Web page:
The Cesnola Collection, Purchased by subscription, 1874–76
On view at The Met Fifth Avenue in Gallery 171
Known as "pendant semicircle skyphoi," these vases have been found throughout the Greek world and the Levant wherever the far-flung Euboean trade and colonization extended. For all their artistic simplicity, their wide distribution makes them important chronological and cultural markers.
Myres, John L. 1914. Handbook of the Cesnola Collection of Antiquities from Cyprus. no. 1710, New York: The Metropolitan Museum of Art.
Richter, Gisela M. A. 1953. Handbook of the Greek Collection. p. 176, pl. 16f, Cambridge, Mass.: Harvard University Press.
Catling, H. W. 1973. "Observations on the archaeological survey in the area of Philamoundhi, Cyprus." Report of the Department of Antiquities, Cyprus (RDAC), : p. 108, n. 7.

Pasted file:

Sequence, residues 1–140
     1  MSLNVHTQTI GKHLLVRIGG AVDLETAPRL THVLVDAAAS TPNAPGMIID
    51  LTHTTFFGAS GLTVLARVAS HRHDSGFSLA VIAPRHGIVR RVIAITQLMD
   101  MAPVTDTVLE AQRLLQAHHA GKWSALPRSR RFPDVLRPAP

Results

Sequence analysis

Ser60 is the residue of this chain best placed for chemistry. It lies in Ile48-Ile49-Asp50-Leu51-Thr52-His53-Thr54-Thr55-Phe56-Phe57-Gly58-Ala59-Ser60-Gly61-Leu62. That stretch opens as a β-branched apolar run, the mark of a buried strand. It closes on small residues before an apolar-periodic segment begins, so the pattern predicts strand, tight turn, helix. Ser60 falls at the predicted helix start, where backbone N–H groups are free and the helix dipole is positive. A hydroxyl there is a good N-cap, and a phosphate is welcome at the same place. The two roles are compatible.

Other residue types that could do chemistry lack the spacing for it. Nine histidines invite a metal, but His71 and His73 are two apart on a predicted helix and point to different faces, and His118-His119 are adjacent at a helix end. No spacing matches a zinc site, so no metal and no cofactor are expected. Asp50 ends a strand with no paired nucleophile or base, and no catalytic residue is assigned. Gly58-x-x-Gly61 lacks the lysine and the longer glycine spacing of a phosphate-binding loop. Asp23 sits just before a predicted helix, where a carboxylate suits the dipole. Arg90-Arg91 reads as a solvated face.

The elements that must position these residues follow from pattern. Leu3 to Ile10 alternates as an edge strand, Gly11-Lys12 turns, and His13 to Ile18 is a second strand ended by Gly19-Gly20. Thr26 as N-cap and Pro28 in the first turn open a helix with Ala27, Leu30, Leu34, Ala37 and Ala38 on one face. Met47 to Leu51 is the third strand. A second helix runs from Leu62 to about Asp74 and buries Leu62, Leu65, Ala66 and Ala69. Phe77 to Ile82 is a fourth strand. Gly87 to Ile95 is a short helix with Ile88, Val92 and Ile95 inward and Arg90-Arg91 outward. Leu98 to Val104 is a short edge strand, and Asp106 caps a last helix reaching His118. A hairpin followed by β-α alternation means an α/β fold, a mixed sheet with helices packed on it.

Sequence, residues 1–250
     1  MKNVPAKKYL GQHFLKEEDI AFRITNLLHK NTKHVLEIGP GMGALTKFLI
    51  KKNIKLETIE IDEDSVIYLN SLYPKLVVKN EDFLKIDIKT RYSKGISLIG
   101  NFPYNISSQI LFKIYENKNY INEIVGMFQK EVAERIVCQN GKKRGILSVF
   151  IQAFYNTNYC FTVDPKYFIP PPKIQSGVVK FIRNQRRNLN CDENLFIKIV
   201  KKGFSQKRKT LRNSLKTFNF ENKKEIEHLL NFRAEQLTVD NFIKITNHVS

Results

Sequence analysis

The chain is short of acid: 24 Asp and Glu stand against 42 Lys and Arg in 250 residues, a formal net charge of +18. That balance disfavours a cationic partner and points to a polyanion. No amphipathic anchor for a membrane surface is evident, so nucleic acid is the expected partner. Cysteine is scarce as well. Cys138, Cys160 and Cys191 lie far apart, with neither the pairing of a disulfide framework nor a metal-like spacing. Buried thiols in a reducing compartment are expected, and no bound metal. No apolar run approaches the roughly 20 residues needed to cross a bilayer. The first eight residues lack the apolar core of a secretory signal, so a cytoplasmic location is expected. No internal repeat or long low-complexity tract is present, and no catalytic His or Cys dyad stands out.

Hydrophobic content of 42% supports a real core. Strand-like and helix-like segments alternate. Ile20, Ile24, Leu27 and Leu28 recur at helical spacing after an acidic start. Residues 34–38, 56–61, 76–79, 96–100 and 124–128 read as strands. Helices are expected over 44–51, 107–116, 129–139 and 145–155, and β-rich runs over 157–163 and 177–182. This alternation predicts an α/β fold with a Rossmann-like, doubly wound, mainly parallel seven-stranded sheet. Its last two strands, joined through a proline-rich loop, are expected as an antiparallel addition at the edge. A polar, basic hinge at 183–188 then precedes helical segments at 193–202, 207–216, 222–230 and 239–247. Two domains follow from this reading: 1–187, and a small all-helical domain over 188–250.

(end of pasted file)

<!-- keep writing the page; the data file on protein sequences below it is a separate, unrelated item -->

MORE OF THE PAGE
Gjerstad, Einar, Yves Calvet, Vassos Karageorghis, and Jean-Paul Thalmann. 1977. Greek Geometric and Archaic Pottery Found in Cyprus. p. 24, n. 22, pl. I, 10, Stockholm: Svenska Institutet i Athen.
Kearsley, R.A. 1989. "The pendent semi-circle skyphos : a study of its development and chronology and an examination of it as evidence for Euboean activity at Al Mina. Master's Diss." Master's Diss. no. 35, p. 20. Institute Of Classical Studies.
Karageorghis, Vassos, Joan Mertens, and Marice E. Rose. 2000. Ancient Art from Cyprus: The Cesnola Collection in The Metropolitan Museum of Art. no. 135, p. 85, New York: The Metropolitan Museum of Art.
Karageorghis, Vassos. 2002. Early Cyprus: Crossroads of the Mediterranean. pl. 315, Los Angeles, California: J. Paul Getty Museum.
de Menil Gallery. 2009. Uncovering Ancient Greece: Fifty Years of Archaeological Discoveries of Hugh Sackett. p. 41, Groton: The de Menil Gallery, Groton School.
Mertens, Joan R. 2010. How to Read Greek Vases. no. 4, pp. 11, 24, 44-4, New York: The Metropolitan Museum of Art.